Go mean green!
Going hand-in-hand with the new approach to battle movement are the titular Sparks, which shake up combat considerably. Now through storyline missions and side-quests, you’ll have a number of different Sparks to use in battle. These Sparks add yet another layer to combat, which can definitely make for more nuanced tactics. Sparks have a wide range of abilities, and they vary from offensive to defensive options. Some Sparks may outfit your entire team with a shield for a few turns, while others will make your character auto-attack for one turn if any enemy moves close enough. Sparks are passive abilities you apply to your characters at the cost of a movement point, but they can be absolutely crucial in victory.
Even better, much like your regular abilities (weapons, movement, ect.), your Sparks can be leveled up by collecting Star Bits. Just as you’d feed a Luma in Super Mario Galaxy, you can feed Sparks Star Bits in order to enhance their abilities. Select tiers are locked behind overall levels for your characters, but each step along that path will give you a Spark that’s a bit more powerful. For example, one Spark will let you add a ‘burn’ passive attack to your enemies after you hit them. The more you level up your Spark, the badder the burn is. Since the game lets you read up on all enemies to see what they’re strong/weak against, you can use the various attributes of your Sparks to really knock enemies for a loop.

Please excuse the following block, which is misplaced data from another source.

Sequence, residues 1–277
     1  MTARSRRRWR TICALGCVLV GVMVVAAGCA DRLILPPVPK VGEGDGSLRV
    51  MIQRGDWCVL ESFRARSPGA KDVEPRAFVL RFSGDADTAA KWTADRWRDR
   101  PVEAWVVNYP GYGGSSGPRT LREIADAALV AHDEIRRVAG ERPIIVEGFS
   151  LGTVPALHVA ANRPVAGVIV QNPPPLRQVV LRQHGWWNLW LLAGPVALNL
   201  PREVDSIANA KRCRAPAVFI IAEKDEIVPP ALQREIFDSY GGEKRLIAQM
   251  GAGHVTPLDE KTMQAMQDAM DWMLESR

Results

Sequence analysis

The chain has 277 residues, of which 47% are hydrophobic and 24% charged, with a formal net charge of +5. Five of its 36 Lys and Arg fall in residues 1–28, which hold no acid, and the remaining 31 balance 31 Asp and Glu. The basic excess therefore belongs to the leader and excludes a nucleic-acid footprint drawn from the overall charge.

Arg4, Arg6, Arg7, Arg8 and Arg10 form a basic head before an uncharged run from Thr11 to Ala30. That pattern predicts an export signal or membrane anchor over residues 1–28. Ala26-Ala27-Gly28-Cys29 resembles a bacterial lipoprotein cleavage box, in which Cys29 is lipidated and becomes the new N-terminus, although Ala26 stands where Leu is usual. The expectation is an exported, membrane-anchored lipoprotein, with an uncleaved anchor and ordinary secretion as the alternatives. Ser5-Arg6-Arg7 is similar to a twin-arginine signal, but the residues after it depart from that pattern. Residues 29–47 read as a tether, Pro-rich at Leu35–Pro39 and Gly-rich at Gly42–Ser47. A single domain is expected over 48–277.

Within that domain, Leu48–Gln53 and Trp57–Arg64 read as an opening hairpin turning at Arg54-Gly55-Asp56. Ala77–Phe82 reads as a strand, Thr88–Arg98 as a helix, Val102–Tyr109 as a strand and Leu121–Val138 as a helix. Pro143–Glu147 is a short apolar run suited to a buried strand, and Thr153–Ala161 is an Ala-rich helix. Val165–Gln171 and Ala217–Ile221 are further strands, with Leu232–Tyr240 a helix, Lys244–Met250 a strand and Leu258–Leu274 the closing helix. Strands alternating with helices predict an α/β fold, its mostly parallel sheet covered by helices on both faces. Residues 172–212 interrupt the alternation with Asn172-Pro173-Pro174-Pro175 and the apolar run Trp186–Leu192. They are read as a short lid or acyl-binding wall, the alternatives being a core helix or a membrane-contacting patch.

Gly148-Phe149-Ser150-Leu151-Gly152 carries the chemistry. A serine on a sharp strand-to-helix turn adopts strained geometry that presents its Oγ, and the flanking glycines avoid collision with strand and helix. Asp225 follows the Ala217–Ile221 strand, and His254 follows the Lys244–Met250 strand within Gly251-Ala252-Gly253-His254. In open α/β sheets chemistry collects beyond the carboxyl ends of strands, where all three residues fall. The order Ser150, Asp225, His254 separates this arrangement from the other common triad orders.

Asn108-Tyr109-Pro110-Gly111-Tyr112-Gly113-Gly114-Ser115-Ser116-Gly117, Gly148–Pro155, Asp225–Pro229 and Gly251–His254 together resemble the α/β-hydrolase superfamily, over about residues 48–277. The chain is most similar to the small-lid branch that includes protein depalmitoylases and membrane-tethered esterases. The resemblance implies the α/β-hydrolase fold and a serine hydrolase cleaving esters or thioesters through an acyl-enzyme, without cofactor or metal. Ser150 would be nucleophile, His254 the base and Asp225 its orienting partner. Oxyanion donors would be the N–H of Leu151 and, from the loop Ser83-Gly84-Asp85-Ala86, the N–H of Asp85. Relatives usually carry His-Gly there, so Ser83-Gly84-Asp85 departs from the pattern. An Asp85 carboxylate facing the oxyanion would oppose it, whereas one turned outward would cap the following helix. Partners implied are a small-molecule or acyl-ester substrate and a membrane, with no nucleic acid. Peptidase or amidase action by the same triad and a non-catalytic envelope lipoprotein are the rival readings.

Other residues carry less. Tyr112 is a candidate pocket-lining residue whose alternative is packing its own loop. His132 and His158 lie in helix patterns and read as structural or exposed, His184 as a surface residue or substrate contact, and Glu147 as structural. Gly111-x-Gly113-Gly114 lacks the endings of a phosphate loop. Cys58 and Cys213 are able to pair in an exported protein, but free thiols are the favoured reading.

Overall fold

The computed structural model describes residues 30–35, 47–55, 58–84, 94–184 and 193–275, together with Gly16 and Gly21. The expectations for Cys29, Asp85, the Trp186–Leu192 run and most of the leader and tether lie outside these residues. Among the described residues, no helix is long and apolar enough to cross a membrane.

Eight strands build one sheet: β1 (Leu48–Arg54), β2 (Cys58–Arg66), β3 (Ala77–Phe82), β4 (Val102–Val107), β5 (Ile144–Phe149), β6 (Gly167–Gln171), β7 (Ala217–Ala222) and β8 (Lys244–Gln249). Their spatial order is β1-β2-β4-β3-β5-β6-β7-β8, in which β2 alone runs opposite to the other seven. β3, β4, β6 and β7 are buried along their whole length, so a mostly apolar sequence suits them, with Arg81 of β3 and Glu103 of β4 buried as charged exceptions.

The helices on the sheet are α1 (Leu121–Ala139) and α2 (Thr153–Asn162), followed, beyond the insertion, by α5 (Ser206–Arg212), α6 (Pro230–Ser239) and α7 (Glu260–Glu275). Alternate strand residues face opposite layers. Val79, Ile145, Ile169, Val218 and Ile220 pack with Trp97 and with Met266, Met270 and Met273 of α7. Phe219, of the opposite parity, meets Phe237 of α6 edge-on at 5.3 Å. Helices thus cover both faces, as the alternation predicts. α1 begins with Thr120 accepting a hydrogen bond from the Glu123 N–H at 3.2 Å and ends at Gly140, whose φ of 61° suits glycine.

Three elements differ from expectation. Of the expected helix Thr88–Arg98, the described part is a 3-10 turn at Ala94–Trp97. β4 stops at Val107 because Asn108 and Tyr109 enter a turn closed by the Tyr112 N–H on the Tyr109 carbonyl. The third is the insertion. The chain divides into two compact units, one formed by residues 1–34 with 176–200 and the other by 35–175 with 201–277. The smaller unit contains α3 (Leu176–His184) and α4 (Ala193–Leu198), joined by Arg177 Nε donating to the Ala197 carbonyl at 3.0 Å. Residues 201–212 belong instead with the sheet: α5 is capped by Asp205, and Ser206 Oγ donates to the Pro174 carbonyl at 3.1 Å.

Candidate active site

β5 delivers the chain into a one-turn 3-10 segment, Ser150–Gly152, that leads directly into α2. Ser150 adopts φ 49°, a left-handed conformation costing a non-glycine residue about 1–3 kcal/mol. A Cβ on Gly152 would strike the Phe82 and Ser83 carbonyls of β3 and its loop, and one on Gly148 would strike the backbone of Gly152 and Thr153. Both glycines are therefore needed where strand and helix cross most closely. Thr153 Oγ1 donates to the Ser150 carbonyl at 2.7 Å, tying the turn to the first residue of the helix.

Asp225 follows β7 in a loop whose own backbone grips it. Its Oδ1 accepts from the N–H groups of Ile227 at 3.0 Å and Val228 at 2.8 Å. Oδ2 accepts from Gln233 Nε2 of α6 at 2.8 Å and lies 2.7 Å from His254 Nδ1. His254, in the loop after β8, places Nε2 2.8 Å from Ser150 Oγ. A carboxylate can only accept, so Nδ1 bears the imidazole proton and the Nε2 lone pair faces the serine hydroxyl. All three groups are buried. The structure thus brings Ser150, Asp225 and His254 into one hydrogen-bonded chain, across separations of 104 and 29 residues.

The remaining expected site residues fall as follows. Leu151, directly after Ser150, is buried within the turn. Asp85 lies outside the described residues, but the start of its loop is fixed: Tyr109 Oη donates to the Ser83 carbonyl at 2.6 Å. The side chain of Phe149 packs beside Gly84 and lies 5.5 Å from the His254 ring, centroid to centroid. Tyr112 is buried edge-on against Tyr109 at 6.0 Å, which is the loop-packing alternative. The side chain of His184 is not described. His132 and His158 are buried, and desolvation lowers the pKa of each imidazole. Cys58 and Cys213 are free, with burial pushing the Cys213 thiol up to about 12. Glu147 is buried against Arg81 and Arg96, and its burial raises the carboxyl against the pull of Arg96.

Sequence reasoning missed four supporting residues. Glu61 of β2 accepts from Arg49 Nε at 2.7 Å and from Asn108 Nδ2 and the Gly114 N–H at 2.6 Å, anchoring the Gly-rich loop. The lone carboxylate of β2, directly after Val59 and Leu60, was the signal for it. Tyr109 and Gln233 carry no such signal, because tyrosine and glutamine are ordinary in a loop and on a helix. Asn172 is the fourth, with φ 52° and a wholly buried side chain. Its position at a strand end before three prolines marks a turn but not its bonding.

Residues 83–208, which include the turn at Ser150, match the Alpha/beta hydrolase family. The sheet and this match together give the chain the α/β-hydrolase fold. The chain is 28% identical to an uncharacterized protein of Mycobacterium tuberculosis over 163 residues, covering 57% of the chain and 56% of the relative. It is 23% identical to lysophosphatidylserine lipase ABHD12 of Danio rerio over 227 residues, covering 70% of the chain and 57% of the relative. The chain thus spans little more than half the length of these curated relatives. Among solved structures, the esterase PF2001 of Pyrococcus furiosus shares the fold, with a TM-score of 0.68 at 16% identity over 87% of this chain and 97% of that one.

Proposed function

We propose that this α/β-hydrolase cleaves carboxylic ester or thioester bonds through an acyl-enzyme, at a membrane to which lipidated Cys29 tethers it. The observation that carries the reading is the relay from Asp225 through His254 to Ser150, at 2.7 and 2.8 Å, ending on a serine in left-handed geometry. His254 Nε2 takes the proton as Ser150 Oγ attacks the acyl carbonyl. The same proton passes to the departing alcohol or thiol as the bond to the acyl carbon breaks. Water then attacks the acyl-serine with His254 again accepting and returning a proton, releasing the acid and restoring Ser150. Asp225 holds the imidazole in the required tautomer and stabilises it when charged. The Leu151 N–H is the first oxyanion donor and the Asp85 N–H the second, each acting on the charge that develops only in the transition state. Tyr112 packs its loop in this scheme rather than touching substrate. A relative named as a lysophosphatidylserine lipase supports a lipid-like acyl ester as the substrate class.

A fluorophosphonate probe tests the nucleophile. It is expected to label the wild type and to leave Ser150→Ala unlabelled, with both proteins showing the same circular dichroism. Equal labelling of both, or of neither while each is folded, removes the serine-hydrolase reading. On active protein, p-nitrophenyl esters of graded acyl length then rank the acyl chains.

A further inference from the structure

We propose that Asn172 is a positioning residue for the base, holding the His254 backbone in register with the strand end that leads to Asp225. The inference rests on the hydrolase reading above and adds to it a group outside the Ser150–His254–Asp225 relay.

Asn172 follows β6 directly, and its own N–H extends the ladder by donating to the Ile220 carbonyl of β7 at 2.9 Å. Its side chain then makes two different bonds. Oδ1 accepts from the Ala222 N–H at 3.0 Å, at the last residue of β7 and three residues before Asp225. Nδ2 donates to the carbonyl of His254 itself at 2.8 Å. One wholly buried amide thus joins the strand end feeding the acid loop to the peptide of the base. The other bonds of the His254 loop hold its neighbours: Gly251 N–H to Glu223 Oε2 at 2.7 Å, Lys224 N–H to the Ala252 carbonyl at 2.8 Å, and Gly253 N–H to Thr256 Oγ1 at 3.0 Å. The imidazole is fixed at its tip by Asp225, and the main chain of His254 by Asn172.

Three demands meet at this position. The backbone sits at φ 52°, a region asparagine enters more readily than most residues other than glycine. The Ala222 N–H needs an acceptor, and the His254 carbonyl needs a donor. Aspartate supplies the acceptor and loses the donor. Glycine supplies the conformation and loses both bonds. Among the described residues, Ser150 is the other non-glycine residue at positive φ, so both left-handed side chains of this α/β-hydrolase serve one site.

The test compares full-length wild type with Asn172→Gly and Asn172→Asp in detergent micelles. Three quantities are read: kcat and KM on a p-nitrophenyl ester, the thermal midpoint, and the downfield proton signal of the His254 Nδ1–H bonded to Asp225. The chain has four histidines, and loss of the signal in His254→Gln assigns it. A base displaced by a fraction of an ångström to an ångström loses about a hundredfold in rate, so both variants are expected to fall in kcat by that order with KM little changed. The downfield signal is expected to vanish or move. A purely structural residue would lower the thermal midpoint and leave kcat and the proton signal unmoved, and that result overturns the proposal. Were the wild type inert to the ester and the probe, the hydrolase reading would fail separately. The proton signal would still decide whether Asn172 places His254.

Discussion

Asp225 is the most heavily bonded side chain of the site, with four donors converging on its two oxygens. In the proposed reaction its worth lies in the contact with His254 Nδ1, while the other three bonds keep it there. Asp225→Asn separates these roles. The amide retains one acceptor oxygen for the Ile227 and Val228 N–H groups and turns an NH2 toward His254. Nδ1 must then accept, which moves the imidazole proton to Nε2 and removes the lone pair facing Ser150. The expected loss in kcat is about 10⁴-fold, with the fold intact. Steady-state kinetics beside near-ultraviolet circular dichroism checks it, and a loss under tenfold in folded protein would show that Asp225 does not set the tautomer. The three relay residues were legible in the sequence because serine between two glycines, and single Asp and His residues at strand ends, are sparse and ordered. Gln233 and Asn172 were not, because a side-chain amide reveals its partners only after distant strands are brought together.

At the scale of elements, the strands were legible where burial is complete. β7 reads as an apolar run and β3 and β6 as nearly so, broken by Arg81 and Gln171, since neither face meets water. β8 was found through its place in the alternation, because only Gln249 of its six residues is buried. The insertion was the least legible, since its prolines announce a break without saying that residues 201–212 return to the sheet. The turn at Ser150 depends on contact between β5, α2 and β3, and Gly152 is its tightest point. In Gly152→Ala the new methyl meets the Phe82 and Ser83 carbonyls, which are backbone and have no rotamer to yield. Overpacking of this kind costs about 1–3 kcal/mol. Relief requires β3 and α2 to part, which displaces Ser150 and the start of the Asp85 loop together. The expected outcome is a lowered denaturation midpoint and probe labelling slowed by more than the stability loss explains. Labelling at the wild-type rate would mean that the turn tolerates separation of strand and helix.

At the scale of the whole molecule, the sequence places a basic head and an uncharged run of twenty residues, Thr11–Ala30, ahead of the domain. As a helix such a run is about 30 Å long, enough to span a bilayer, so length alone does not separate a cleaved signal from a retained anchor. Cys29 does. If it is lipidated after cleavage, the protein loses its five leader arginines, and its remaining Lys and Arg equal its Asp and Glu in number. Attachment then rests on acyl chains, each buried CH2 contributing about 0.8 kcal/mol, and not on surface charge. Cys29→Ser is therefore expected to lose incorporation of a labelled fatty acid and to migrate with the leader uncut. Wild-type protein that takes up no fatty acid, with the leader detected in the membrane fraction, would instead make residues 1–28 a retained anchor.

When you marry together the freedom of movement, direct control over your characters, and the Sparks you can utilize, combat in Mario + Rabbids: Sparks of Hope ends up being head-and-shoulders above Kingdom Battle. These new features only enhance what was already an addictive gameplay loop in Kingdom Battle, making the sequel that much better. Having so much control over your moves and a whole new subset to combat creates battles that are unbelievably engaging and rewarding. Taking time to plan out your tactics and seeing decisions pay off feels oh-so good, and all of this is accomplished with an absolutely miniscule barrier to entry. Longtime genre fans will no doubt appreciate the combat in Mario + Rabbids: Sparks of Hope, but newcomers to the turn-based genre will pick things up in no time.